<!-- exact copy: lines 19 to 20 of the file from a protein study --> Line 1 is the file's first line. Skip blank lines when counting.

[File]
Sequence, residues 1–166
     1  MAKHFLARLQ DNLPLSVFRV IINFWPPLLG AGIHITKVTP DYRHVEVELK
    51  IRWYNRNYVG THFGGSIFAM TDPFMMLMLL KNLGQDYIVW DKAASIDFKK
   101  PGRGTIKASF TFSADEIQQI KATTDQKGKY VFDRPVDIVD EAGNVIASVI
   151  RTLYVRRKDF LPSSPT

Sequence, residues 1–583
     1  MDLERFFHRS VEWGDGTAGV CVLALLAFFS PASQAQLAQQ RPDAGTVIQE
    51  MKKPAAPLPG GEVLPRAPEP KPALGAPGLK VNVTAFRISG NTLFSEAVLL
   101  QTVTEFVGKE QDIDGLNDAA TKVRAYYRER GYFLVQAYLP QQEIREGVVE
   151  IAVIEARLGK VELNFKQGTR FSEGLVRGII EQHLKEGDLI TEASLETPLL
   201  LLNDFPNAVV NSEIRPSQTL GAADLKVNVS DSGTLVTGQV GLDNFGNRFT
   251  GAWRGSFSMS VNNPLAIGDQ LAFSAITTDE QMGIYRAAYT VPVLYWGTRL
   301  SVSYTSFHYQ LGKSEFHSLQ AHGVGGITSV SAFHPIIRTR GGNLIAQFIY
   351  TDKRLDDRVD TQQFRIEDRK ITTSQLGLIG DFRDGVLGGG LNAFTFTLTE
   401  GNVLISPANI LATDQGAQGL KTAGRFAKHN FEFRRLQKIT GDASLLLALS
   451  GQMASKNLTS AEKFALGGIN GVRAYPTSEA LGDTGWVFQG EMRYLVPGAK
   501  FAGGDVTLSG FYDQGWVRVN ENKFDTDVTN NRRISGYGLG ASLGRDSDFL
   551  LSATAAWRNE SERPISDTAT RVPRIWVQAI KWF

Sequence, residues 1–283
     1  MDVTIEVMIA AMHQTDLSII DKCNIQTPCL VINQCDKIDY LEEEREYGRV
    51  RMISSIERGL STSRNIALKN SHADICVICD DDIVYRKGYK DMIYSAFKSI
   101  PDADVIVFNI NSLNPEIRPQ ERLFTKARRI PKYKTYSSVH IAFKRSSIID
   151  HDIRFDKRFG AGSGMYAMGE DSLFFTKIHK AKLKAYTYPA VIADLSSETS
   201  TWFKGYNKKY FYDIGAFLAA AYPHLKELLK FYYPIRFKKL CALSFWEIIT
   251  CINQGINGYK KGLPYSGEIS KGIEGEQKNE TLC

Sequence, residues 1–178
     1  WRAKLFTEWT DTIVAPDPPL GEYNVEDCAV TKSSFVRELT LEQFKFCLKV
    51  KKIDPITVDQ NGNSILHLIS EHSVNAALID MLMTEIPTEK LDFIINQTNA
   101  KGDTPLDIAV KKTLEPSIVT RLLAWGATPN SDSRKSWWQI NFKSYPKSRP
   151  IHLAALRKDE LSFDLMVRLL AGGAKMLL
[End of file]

Sequence, residues 1–283
     1  MDVTIEVMIA AMHQTDLSII DKCNIQTPCL VINQCDKIDY LEEEREYGRV